Thatcher’s secrets revealed

Nick Jones, BBC Radio Industrial Correspondent during the 1984-5 Miners’ Strike, comments on the latest revelations from the Cabinet Papers and Margaret Thatcher’s own documents released under the 30-year rule.

Cabinet Papers covering the last four months of the bitter year-long miners’ strike and its aftermath were released on 30 December 2014. Veteran BBC correspondent Nicholas Jones highlights key revelations in the Cabinet Papers and also what is missing from them.

  • So many telephones were being tapped during the 1984-5 miners’ strike that the Cabinet Secretary Sir Robert Armstrong became so alarmed that he took immediate steps to ensure that no mention was ever made of the extent of the eavesdropping.
  • Margaret Thatcher’s success in hushing up the bugging of phones by the Security Service MI5 is finally revealed in her 1985 cabinet papers released by the National Archives.
  • Action to prevent public disclosure of the role of intelligence officers was personally approved by the Prime Minister.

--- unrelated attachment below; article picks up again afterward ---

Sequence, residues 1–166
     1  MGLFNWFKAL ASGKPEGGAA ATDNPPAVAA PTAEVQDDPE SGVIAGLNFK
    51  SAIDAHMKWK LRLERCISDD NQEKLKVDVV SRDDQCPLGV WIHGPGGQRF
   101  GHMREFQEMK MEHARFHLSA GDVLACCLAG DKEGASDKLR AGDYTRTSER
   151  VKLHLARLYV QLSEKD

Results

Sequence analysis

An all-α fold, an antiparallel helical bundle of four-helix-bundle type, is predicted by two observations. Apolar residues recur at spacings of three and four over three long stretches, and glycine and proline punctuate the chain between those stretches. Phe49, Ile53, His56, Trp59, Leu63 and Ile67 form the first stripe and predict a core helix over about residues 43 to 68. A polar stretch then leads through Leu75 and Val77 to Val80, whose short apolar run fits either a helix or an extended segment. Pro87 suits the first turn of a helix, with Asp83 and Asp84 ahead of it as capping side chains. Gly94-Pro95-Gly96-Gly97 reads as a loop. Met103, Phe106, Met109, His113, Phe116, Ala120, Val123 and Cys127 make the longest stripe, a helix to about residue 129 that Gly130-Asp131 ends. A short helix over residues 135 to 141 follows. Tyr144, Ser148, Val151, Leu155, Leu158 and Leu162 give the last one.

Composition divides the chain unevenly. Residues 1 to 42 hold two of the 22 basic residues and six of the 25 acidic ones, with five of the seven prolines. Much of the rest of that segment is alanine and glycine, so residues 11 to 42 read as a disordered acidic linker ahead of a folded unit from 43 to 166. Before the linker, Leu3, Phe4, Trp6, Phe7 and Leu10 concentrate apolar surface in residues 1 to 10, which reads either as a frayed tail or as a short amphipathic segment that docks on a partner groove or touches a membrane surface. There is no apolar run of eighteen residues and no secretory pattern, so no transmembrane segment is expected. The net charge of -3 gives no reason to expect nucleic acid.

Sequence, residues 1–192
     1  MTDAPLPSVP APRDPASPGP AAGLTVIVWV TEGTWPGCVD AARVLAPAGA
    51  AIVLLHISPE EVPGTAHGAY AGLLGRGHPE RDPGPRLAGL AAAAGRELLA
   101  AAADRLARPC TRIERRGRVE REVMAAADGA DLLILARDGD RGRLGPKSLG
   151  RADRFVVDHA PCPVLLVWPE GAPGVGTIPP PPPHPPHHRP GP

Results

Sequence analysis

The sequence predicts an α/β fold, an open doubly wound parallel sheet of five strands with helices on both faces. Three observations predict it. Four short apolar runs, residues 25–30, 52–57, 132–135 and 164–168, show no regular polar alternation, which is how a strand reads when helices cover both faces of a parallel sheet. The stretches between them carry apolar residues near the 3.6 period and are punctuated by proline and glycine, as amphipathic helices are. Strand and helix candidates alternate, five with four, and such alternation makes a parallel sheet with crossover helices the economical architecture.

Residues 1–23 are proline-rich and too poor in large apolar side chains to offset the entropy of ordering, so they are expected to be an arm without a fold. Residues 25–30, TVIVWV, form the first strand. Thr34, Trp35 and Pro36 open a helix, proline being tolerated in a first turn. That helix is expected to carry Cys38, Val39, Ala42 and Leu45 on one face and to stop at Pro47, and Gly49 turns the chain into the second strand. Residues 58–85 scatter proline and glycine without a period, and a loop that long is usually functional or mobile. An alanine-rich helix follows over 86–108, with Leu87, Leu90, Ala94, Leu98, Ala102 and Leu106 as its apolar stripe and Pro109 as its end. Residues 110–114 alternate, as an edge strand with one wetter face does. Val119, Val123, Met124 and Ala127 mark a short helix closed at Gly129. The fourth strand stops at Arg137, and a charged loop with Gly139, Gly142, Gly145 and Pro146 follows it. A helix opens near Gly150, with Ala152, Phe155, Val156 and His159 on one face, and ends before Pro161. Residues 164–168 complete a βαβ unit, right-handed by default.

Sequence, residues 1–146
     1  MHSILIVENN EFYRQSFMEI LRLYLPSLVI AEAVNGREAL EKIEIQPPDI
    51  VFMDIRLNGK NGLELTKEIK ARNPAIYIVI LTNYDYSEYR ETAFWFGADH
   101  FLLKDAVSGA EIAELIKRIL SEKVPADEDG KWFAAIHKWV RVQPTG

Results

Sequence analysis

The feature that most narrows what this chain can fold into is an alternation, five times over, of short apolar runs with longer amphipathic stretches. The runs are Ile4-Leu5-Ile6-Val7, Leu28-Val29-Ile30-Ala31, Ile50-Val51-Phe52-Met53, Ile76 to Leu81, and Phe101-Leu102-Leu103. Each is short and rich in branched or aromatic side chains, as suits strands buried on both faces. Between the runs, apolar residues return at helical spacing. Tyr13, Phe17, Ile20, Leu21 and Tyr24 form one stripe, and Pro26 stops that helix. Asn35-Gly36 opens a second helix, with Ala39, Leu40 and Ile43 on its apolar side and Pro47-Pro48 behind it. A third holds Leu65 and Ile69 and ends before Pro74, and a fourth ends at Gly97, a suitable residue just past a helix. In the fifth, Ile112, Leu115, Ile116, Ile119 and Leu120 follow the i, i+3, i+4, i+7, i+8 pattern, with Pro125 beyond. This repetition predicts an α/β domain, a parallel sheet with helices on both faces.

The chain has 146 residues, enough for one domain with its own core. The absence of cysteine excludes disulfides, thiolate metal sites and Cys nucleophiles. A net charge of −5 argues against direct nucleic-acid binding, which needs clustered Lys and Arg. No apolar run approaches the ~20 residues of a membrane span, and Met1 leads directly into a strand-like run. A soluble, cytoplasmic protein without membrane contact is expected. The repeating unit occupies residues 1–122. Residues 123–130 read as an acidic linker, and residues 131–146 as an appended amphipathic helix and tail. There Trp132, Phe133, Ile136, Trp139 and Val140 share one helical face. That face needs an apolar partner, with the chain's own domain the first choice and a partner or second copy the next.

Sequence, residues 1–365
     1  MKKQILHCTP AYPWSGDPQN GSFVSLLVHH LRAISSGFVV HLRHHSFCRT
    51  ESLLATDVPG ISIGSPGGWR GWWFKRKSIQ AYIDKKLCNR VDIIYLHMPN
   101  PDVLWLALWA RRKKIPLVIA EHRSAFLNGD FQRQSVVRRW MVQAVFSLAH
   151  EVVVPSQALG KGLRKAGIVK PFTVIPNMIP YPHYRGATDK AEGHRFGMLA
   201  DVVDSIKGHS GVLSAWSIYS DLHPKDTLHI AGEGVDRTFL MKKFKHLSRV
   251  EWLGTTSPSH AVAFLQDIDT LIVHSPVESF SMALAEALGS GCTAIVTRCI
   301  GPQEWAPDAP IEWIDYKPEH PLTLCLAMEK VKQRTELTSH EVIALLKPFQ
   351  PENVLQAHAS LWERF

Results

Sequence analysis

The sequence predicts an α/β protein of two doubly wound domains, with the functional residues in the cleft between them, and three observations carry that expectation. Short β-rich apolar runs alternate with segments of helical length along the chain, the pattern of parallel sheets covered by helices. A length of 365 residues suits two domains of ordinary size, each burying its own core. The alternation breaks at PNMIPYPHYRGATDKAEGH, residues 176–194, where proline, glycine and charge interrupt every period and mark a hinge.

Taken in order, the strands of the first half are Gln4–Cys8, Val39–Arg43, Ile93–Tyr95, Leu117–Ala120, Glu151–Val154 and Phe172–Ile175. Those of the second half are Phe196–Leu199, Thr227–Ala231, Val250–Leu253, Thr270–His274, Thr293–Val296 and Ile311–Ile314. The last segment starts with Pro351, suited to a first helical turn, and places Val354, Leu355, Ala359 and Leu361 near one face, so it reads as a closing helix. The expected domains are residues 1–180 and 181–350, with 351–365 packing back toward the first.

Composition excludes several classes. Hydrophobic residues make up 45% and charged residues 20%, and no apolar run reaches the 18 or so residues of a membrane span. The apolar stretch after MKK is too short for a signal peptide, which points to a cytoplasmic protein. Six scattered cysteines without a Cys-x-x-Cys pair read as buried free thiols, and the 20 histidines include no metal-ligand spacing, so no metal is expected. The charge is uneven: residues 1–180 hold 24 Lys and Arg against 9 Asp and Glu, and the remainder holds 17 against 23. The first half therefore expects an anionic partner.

• Six months after the end of the 1984-5 miners’ strike Margaret Thatcher was still intervening personally to protect miners who continued to be victimised for having defied the National Union of Mineworkers and resumed work.
  • A secret Downing Street report into the aftermath of the 1984-5 miners’ strike says that Margaret Thatcher would have been beaten by Arthur Scargill if she had not intervened personally in the first week of the dispute to establish what amounted to a national police force. The decisive moment was her instruction to the Home Secretary that chief constables had to stiffen their resolve to stop the movement of flying pickets in order to keep the pits open for working miners.

Read Nicholas Jones blog:

Miners’ Strike – Cabinet papers expose cover-up of massive MI5 operation

The full accounts of these and other revelations can be read at:

Pit strike fixer whose access to Downing Street alarmed civil servants

Telephone taps and secret surveillance helped Margaret Thatcher defeat Arthur Scargill in the year-long pit dispute

Margaret Thatcher’s secret support for strike breakers after pit dispute

Arthur Scargill would have won if Margaret Thatcher hadn’t sent an extra 7,000 police officers to the coalfields

“No gloating” over Arthur Scargill’s defeat as Mrs Thatcher prepares for a “MacGregor miracle” after pit closures and redundancies


On 7 March 2015 at Unity Hall, Wakefield, Nick Jones will be speaking on the Cabinet Papers at ‘With Banners Held High’, an event commemorating the thirtieth anniversary of the end of the miners’ strike in March 1985.

For further information about the event, contact Granville Williams – wbhh@talktalk.net  or 01977 646580.